However after installing the drivers and software, we are good to go. The first thing we notice on reboot is MSI Suite, which greets us with an annoying error – if you did not install Trend Micro SafeSync as part of the package, it suggests that you install it every single time the system reboots. This is quite frankly annoying and somewhat abusive.
The MSI Suite interface starts as a button on the top of your desktop, which when clicked gives you the menu below. It caters for the majority of the MSI Software (not the latest additions), which from left to right are: SuperCharger, ClickBIOS, Control Center, Audio Genie, Video Genie, Teaming Genie, Live Update and EasyViewer.
The options menu for MSI Suite allows for other utilities to be added as well. Aside from the aforementioned issue regarding Trend Micro SafeSync, MSI Suite looks good and offers quick interaction with the MSI tools.
MSI, like most motherboard manufacturers, implement a form of fast charging. In the case of MSI it comes via a specific USB 2.0 header on board, allowing up to 1.5 A current draw depending on the device, as well as charging under S5 (off). MSI advertises this feature for iPads, iPhones and ‘mobile’ devices; however it would seem to be dependent on whether your device supports the BC1.1 charging standard, and the device may not feel the full 1.5A.
MSI ClickBIOS II
As mentioned in the BIOS section of the review, depending on what version of the BIOS you are using, the latest version of ClickBIOS II will warn you every time if you do not have Intel ME8 flashed onto the system.
Every mainstream motherboard manufacturer is delving into the abilities to change the BIOS settings on the fly in the operating system. In an effort to bring continuity to the table, MSI’s utility is called ClickBIOS II and is designed to look like the BIOS itself, with a few minor changes. Firstly the fonts are slightly different, given that in the OS there is more scope for definition, but also the layout of the options has been adjusted slightly to give a ‘Help Info’ box, something desperately lacking in the main BIOS. In ClickBIOS II, we can go through the majority of the options found in the BIOS, however some adjustments will require a reboot to take effect.
MSI Control Center
The hub of the action in software comes from MSI’s Control Center, giving us info, overclocking options, power options, recording facilities, fan controls and mobile interfaces. Despite the official lack of ‘Big Bang’ in the motherboard name, we are greeted with a yellow and black skin which is actually pleasing on the eyes. The first page, entitled ‘Overclocking’, gives the information for the motherboard, the CPU, the memory, and voltage options.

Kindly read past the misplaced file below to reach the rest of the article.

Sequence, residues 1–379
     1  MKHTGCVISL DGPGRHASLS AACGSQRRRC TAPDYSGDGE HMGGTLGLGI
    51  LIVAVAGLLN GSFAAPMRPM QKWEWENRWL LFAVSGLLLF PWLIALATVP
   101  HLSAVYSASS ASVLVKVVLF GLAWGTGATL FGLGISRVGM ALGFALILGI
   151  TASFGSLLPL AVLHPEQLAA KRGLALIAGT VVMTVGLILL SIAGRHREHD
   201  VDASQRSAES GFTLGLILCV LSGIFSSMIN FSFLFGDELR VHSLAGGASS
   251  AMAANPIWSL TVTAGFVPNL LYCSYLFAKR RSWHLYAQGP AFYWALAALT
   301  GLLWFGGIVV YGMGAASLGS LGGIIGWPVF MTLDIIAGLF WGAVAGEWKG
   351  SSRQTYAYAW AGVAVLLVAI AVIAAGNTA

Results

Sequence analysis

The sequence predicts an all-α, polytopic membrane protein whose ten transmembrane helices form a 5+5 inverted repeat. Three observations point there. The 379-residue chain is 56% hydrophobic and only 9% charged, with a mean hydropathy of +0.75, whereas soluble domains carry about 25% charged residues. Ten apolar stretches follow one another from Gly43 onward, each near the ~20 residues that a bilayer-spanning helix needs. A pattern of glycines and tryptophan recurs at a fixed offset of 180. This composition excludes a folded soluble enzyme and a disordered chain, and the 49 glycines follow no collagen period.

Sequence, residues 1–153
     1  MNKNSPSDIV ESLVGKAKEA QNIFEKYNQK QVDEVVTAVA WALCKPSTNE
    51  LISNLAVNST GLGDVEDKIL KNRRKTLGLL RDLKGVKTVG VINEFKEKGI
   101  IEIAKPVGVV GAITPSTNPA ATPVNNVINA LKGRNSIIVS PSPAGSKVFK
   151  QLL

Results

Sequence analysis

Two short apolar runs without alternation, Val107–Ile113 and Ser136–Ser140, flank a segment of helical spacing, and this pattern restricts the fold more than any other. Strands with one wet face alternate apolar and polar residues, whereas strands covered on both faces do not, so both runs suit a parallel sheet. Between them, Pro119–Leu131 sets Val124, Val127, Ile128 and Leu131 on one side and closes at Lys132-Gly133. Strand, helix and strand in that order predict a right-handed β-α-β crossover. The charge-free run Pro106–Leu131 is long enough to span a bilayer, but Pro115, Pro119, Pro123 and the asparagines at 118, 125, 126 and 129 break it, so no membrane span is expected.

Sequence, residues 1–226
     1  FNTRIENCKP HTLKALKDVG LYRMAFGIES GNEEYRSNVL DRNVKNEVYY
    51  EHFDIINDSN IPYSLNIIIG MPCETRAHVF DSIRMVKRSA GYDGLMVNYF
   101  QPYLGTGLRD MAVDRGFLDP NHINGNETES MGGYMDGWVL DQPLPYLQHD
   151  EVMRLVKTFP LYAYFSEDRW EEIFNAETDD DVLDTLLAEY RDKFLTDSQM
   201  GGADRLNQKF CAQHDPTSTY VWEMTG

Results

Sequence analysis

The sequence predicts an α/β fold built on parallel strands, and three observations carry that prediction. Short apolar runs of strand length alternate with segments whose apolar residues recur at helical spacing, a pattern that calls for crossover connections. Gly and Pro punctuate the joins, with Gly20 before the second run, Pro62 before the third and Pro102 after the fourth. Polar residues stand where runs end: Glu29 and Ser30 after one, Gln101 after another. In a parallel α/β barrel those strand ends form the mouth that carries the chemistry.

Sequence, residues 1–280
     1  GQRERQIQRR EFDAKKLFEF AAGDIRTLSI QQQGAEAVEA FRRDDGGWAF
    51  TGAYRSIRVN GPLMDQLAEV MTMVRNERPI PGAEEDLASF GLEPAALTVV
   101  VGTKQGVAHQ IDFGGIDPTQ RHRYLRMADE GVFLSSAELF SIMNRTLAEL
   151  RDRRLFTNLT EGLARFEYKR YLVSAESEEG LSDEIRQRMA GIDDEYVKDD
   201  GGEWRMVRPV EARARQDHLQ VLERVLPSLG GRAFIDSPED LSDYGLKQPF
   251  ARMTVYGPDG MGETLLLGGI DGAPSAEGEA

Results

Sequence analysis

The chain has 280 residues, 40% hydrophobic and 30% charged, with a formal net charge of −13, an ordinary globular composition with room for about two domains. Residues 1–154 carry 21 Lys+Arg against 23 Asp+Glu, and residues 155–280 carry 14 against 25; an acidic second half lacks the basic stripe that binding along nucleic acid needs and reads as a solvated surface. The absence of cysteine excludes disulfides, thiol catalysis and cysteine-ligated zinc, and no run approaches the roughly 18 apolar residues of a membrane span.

Moving into the sub-menus supplies more information, with the ‘Advanced’ option allowing users to decide on CPU ratios per core. As shown in the advanced menu under ‘Core Ratio Limits’, the Z77 MPower uses a form of MultiCore Enhancement/Acceleration/Turbo to give the top turbo multiplier no matter the how much the CPU is pushed.
The OC Genie menu gives a one button click for the OC Genie options defined in the BIOS. At default settings this gives 4.2 GHz on the CPU and XMP ‘minus one strap’ on the memory (e.g. for 2400 memory, it gives 2133) and requires a reboot.
The OS fan controls are in the Green Power menu, and allows for each of the five fan headers a simple two-point gradient to be adjusted. Having this sort of visual functionality in the software is great, however MSI fall into a big trap. The software allows the user to adjust power to the fan, rather than the fan RPM – this is important power-to-RPM graphs for fans are not completely linear. Take for example the fan I used for this review, which follows the following profile:
Below 20% power applied, the fan spins at ~800 RPM, which is not taken into account in the MSI fan software. At 100%, the fan spins at ~2200 RPM, and at 50% this is 1300 RPM, not 1100 RPM as would be predicted with a directly linear power-to-RPM profile. When software developers start realizing this (some already have done), then we are on the road to proper sets of fan controls.
Another feature in the Control Center software is to turn off the blue CPU Phase LEDs on board. During normal operation they do flicker a lot, can be bright, and might upset a certain case/system build based around a color other than blue. If I had to leave a system like this on overnight for processing in the room that I slept in (such as a student or in a studio flat), I would probably be annoyed at the constant flickering of these LEDs.
The recording software is something I have liked about MSI and some other vendors as it gives options of what to follow, over what time, the ability to give system alerts when it goes over a certain value, and each graph line has its own normalized height function. Another positive feature is that the software does not affect DPC Latency, compared to some of the other implementations seen on the motherboard market.
MSI Mobile Control
The last piece of the Control Center software is in Mobile Control, which allows a user to access overclocking controls, fan/temperature sensors, and a remote control through their smartphone. The app is available on both iOS and Android, and it attempts to connect to a Control Center server which initializes on your system when enabled in the software. The app looks for a response on a specific IP (the server icon on the taskbar, when clicked, will tell you the IPs it listens to) and will connect via that. I unfortunately could not get it to work, either via my convoluted ICS setup or when the MSI Z77 MPower was connected to my main DHCP router via the WiFi.